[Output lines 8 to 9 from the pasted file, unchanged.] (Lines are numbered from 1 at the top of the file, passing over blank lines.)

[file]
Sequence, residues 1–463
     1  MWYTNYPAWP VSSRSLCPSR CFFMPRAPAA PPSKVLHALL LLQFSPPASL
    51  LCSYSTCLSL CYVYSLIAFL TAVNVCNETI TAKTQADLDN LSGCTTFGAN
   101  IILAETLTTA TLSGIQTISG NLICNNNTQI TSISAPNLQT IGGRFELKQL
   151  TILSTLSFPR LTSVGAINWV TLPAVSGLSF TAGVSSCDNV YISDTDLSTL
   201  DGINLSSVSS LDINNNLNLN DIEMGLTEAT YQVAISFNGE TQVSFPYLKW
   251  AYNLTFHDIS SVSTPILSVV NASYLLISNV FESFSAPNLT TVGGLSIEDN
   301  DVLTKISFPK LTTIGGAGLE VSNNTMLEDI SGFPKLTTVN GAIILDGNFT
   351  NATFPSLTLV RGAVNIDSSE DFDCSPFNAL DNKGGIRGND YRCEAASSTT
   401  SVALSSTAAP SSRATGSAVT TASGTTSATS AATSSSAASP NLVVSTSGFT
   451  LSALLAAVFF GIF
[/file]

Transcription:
   301  DVLTKISFPK LTTIGGAGLE VSNNTMLEDI SGFPKLTTVN GAIILDGNFT
   351  NATFPSLTLV RGAVNIDSSE DFDCSPFNAL DNKGGIRGND YRCEAASSTT